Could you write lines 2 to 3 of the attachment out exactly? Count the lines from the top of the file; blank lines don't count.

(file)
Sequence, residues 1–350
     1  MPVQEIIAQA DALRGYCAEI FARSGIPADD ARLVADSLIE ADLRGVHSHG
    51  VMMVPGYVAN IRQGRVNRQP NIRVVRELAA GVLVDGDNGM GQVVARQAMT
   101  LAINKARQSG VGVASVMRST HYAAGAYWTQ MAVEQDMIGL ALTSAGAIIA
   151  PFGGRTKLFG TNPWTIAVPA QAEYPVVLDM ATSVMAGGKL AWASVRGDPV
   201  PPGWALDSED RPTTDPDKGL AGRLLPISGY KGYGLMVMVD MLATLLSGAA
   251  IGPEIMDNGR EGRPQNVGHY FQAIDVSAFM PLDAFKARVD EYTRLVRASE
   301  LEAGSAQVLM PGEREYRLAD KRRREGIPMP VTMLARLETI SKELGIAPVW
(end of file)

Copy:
     1  MPVQEIIAQA DALRGYCAEI FARSGIPADD ARLVADSLIE ADLRGVHSHG
    51  VMMVPGYVAN IRQGRVNRQP NIRVVRELAA GVLVDGDNGM GQVVARQAMT